Beloved and I had a late lunch at Kureji. This ramen-specializing place is one of the only few opened stores in relatively new Vertis North. Outside, there’s a television that plays their menu items. What grabbed my attention was the fact that the ramen is served boiling, or, in their terms, sizzling. Yes—apparently, they specialize in sizzling ramen. I guess that’s why they called it kureji, which essentially means “crazy” as spelled in katakana. It might also mean “courage”, which sounds similar, and, in retrospect, it really is couragous to try serving something like sizzling ramen.
Their menu is very small. It’s only one page, back-to-back, and almost half the page is a picture. There’s a small selection of appetizers, drinks, and dessert on one side and their four varieties of sizzling ramen and three of their sizzling rice on the other. Since we were a bit under the weather, suffering from cough, we wanted something soupy. Beloved ordered their Sizzling Garlic Miso Ramen (380 Php) and I ordered their Sizzling Shoyu Ramen (380 Php). We also ordered their Gyoza (200 Php).
The Gyoza arrived shortly, six pieces of Japanese dumplings served with yuzu dipping sauce. This is different from the other gyozas we’re used to as the charred side isn’t as crisp as we would like. Still, it’s quite good with a similar taste to other decent gyozas we’ve tried, minus the texture.
My Sizzling Shoyu Ramen arrived shortly after. It was served boiling hot in a stone bowl with the soup base on a separate pitcher. The noodles were somewere between the thin ramen noodles we’re used to and an udon noodle. Aside from that, there’s also pork chasyu and softboiled egg. There’s also an hourglass at the side, and suddenly, the experience changed from a pleasant one to a pressuring one. Apparently, I’m supposed to scrape the noodles from the bowl to prevent from sticking as it boils, and after the timer, I’m to put the rest of the soup. Oh, and they also mentioned that the eggs included are best eaten soft-boiled.
Beloved’s Sizzling Garlic Miso Ramen arrived while this was being explained to me by the server, so I didn’t get most of the parts, and my timer has already started. Her bowl looked similar to mine, noodles, egg, pork and all. They explained the same to her as I panickingly scrape the noodles from my bowl. The timer has already elapsed on my bowl and the server poured my soup.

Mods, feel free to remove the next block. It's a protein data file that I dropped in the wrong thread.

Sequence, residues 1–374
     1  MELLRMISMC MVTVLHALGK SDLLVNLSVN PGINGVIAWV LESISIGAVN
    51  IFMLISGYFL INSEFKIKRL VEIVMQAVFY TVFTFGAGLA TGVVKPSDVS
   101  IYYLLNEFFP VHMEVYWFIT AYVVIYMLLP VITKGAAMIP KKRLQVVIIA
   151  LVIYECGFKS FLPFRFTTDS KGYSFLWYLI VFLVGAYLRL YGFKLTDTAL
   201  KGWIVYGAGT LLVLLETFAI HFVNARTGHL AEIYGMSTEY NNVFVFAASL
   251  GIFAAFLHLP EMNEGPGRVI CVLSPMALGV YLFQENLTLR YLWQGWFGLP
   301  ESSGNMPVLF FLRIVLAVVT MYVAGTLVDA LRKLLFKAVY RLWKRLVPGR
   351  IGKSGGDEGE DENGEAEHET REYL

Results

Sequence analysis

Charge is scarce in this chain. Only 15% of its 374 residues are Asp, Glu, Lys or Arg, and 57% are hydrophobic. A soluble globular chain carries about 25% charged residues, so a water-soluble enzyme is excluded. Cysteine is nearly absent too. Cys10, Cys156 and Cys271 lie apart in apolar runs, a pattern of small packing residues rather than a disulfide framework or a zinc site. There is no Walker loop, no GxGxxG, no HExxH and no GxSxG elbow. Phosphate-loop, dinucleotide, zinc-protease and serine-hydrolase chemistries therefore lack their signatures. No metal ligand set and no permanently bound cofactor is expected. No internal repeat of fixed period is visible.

The boiling subsided after a while, but it was still a challenge to eat as the stone bowl was still hot. The soup was piping hot as well, and almost scalded my mouth on the first sip. I failed in the soft-boiled egg part, which was already hard when I started eating, but, luckily, none of the noodles sticked to the bowl. The soup was much thicker than what we’re used to as well, and quite sticky. It sticked well to the noodles and gave it almost all the flavor of the soup of our choice. Mine was quite salty-savory, more on the salty soy side, as expected. Beloved’s soup was tasty and tasted as described—garlic miso. The other toppings were not as memorable, but decent. The pork was soft and I managed to eat the bones with relative ease.
The total bill was a little more than 1040 Php after service charge. This was slightly less than our beloved Ippudo but slightly more than the budget ramen places we go to. While it was definitely worth the experience, I can’t see myself going back here. Nevertheless, I’d recommend this place a go for the curious, the couragous, and the crazy/kureji, even just once.